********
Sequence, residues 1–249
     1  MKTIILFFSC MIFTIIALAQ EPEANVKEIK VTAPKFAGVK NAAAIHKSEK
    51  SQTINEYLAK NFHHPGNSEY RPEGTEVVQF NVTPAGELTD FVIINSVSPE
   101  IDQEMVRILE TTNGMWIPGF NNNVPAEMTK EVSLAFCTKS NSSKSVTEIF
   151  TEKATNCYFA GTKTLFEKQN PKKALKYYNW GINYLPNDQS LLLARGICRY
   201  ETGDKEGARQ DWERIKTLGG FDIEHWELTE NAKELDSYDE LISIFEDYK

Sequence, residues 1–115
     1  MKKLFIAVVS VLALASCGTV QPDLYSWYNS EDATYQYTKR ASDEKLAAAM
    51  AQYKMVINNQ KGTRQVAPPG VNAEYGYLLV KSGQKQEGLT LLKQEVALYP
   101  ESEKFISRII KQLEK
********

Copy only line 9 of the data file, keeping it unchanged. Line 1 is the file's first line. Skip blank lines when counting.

    51  AQYKMVINNQ KGTRQVAPPG VNAEYGYLLV KSGQKQEGLT LLKQEVALYP